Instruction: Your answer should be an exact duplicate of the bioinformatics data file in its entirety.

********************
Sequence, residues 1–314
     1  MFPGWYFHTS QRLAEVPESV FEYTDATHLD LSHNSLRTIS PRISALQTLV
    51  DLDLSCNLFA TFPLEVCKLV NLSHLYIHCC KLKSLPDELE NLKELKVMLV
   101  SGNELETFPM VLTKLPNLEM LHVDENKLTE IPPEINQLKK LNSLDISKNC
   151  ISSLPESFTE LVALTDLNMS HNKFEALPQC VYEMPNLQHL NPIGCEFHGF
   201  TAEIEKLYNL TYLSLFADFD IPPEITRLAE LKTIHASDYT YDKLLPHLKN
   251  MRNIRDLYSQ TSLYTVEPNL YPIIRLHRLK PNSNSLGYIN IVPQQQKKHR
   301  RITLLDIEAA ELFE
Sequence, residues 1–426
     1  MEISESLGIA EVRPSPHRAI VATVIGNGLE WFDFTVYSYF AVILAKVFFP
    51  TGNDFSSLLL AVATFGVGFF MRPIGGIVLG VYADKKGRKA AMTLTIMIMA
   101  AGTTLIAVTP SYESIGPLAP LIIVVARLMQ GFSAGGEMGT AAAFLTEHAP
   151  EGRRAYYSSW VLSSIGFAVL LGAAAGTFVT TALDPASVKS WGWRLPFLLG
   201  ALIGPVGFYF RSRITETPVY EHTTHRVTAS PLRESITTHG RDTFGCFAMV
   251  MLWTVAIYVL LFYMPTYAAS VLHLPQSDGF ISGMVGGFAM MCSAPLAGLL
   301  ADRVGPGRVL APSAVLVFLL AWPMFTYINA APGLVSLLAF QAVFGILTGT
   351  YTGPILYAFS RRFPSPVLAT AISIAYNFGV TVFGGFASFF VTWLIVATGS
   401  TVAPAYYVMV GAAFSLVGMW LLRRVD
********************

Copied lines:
Sequence, residues 1–314
     1  MFPGWYFHTS QRLAEVPESV FEYTDATHLD LSHNSLRTIS PRISALQTLV
    51  DLDLSCNLFA TFPLEVCKLV NLSHLYIHCC KLKSLPDELE NLKELKVMLV
   101  SGNELETFPM VLTKLPNLEM LHVDENKLTE IPPEINQLKK LNSLDISKNC
   151  ISSLPESFTE LVALTDLNMS HNKFEALPQC VYEMPNLQHL NPIGCEFHGF
   201  TAEIEKLYNL TYLSLFADFD IPPEITRLAE LKTIHASDYT YDKLLPHLKN
   251  MRNIRDLYSQ TSLYTVEPNL YPIIRLHRLK PNSNSLGYIN IVPQQQKKHR
   301  RITLLDIEAA ELFE
Sequence, residues 1–426
     1  MEISESLGIA EVRPSPHRAI VATVIGNGLE WFDFTVYSYF AVILAKVFFP
    51  TGNDFSSLLL AVATFGVGFF MRPIGGIVLG VYADKKGRKA AMTLTIMIMA
   101  AGTTLIAVTP SYESIGPLAP LIIVVARLMQ GFSAGGEMGT AAAFLTEHAP
   151  EGRRAYYSSW VLSSIGFAVL LGAAAGTFVT TALDPASVKS WGWRLPFLLG
   201  ALIGPVGFYF RSRITETPVY EHTTHRVTAS PLRESITTHG RDTFGCFAMV
   251  MLWTVAIYVL LFYMPTYAAS VLHLPQSDGF ISGMVGGFAM MCSAPLAGLL
   301  ADRVGPGRVL APSAVLVFLL AWPMFTYINA APGLVSLLAF QAVFGILTGT
   351  YTGPILYAFS RRFPSPVLAT AISIAYNFGV TVFGGFASFF VTWLIVATGS
   401  TVAPAYYVMV GAAFSLVGMW LLRRVD